General Ukrainian Council
General Ukrainian Council (Zahalna ukrainska rada). Ukrainian interparty political organization formed on 5 May 1915 in Vienna out of the Galician Supreme Ukrainian Council by enlarging its mandate and membership. The General Ukrainian Council was to represent Ukrainians during the war, and was to be its chief spokesman within Austria-Hungary. The council consisted of 34 members. Galicia was represented by 24 delegates (most were from the National Democratic party, but a number were from the Ukrainian Radical party and 1 was from the Ukrainian Social Democratic party), Bukovyna by 7 delegates (5 from the National Democratic party, and 1 each from the Ukrainian Social Democratic party and the Ukrainian People's party), and Russian-ruled Ukraine by 3 delegates from the Union for the Liberation of Ukraine. Individual membership in the council changed frequently.
According to the council's program, Ukrainian territories under Russian rule were to form an independent Ukrainian state while the Ukrainian territories under Austria-Hungary were to become merely autonomous and unified into a single Ukrainian region. The presidium was the executive body of the council. It consisted of a president (Kost Levytsky), three vice-presidents (Mykola Vasylko, Lev Bachynsky, replaced later by Yaroslav Vesolovsky, and Mykola Hankevych, replaced later by Volodymyr Temnytsky), a deputy from the Union for the Liberation of Ukraine (Oleksander Skoropys-Yoltukhovsky, replaced by Mariian Melenevsky), and a secretary (Temnytsky). Yevhen Olesnytsky, Stepan Rudnytsky, Stepan Tomashivsky, Stanyslav Dnistriansky, and Lonhyn Tsehelsky served as special advisers to the council. The imperial manifesto of 4 November 1916, which established the Polish Kingdom and sanctioned an autonomous, Polish-dominated Galicia within Austria-Hungary, undermined the position of the council; subsequently, leadership in Ukrainian political life passed to the Ukrainian parliamentary representation.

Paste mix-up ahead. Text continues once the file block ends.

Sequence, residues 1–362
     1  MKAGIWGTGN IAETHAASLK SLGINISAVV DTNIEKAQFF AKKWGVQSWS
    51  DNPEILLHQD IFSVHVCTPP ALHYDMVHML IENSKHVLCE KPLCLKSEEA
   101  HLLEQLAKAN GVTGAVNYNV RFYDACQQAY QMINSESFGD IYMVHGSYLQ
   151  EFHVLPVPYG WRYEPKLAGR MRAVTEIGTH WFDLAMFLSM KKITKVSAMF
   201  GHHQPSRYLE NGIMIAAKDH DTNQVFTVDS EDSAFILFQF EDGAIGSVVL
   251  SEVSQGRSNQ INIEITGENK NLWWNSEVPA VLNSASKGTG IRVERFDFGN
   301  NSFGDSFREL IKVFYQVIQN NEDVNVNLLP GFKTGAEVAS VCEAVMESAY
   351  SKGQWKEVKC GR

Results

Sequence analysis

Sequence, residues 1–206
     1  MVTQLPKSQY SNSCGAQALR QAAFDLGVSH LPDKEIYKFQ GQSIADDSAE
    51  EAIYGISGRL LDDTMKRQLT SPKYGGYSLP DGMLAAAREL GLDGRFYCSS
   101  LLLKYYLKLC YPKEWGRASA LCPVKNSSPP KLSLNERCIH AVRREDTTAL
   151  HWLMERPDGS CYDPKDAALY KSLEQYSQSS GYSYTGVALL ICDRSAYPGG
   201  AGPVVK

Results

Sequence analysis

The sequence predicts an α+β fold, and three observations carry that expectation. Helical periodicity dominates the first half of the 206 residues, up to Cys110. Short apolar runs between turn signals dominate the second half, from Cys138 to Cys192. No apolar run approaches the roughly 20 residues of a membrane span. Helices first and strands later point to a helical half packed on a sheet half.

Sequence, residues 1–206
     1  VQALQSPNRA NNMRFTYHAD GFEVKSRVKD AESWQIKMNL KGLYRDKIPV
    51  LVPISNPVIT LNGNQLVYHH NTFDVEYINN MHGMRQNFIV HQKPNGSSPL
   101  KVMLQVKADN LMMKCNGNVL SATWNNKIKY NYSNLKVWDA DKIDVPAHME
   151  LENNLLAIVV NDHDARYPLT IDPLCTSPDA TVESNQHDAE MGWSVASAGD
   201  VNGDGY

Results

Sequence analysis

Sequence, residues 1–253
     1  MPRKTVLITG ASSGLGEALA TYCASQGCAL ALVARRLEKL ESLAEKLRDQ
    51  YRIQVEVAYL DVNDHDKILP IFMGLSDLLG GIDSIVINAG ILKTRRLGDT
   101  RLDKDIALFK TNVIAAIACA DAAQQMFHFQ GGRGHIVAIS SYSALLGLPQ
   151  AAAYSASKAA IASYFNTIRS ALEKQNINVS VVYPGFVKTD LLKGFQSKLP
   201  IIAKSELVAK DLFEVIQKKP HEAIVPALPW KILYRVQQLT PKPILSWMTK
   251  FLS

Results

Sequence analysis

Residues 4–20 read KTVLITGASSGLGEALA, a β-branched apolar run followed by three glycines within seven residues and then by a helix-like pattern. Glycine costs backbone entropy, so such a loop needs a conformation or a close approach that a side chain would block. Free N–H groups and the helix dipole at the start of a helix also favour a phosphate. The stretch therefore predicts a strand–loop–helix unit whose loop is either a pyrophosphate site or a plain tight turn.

Pam'iatkova knyzhka Soiuzu vyzvolennia Ukraïny (Vienna 1917)
Levyts’kyi, K. Istoriia vyzvol’nykh zmahan’ halyts’kykh ukraïntsiv z chasu svitovoï viiny, 3 vols (Lviv 1929–30)
[This article originally appeared in the Encyclopedia of Ukraine, vol. 2 (1989).]